The one world-class winery I’ve had the pleasure of visiting was a property built on a grand scale. After being buzzed in through the unmarked gate, you pull up to a most unique, breathtaking, and exceptional estate, that is unlike any I have seen in my seven visits to Napa. With a little background, you’ll see why – this is Bill Harlan’s newest and perhaps last project. Bill Harlan, who owns Harlan Estates (considered a cult winery) and Bond Wineries, plus Meadowood Resort, with its three-star Michelin restaurant, has been eyeing this land since he first spied it years ago. It finally came up for sale in 2008, and he grabbed it, all 840 acres of it. Most of the land is not cultivatable, as it lies on 2 seismic fault lines, running right through the property, as well as rocky, wildland and forests. He actually produces wine on only 10% of the property. It is located in the foothills of Mt. Veeder, straddling Oakville and Yountville.
The architecture of Promontory buildings is stunning, built by Napa’s architect to the stars, Howard Backen. It is very contemporary, minimalist and what I would call industrial-chic. He uses materials like steel, concrete, and glass.
Promontory produces only red wine, yet the tour begins with a welcome glass of Dom Perignon, while you view the magnificent estate. Then you move on to see a model of the property and begin to understand the difficulty in working this terroir. The geology, topology, and microclimate all come into play. You notice how immaculate this estate is, and that you are the only private tour on the whole property. You feel like you’ve been invited to a very private, exclusive party. Albeit one that cost $250 a person.
Next, you tour the cellars and have a barrel tasting, and it is no ordinary barrel. Because of the size of the group, we were then ushered into a luxurious dining room, that had automatic doors that opened to a view of the estate and the Harlan Estate.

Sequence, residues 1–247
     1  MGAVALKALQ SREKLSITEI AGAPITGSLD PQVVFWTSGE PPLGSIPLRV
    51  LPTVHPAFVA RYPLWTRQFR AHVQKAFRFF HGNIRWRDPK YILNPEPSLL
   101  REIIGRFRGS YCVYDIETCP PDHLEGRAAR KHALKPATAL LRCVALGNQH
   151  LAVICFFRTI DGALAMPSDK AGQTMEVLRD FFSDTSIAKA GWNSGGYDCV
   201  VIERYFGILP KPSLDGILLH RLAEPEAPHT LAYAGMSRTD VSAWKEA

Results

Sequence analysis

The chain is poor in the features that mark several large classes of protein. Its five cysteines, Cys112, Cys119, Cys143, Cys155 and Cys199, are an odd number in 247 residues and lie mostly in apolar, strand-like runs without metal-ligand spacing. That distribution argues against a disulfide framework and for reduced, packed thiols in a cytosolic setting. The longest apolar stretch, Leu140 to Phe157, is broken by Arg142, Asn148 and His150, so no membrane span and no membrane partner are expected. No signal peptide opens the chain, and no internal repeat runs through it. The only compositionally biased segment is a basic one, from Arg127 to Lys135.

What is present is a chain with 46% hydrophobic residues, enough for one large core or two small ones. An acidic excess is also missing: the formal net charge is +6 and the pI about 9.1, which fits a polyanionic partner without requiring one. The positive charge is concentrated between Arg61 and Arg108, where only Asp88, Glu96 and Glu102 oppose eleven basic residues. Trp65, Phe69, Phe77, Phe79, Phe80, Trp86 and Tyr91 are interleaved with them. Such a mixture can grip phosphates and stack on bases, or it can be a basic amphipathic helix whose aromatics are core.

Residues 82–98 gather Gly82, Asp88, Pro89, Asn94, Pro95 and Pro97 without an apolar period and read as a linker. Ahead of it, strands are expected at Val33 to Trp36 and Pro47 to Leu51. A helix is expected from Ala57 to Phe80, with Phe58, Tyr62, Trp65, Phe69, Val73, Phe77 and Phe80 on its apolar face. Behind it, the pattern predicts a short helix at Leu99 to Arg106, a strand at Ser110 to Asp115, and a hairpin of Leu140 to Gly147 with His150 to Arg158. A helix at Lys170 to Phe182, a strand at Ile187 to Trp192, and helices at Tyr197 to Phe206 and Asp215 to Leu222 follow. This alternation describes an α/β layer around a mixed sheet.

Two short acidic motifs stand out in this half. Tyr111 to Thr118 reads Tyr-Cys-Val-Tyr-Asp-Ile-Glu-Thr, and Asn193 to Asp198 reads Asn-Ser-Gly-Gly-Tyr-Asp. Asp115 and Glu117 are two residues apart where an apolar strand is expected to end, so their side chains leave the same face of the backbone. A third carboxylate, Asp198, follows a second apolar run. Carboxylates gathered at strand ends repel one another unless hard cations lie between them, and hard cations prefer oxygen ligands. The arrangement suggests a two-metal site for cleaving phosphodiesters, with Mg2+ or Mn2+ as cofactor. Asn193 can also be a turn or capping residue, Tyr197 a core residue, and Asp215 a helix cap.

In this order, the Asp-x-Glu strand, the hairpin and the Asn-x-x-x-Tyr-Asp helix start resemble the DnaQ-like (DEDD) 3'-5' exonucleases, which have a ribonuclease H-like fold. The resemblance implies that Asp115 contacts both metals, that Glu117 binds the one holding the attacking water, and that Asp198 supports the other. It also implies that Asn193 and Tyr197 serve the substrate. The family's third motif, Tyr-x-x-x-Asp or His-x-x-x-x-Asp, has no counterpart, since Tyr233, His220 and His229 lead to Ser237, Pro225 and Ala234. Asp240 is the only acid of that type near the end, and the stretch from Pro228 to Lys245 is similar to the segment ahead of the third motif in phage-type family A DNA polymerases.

They open two bottles, a current release, and a library wine. The current release sells for $800, and the library wine considerably more. For many, myself included, this is an opportunity to taste a wine like this that I would never have the chance to taste before.
Unlike Harlan, who’s winery is closed to the public, and whose prices start at $1,400 a bottle, you can only purchase wines through an exclusive mailing list. At Promontory, you can get in by appointment, sample the wines as well as purchase them at the estate. You will not see these wines at a store. They are only purchased on-site, by mailing, and a few select restaurants in the country. Three-star Restaurant at Meadowood being one of them. But you can’t imagine the markup there. The winery has a small release of only 6,000 bottles. Compare that to Mondavi, that sells millions of bottles a year. Eventually, Promontory will have a larger production than the mothership.
This was a real treat for the wine enthusiast or architecture junkie.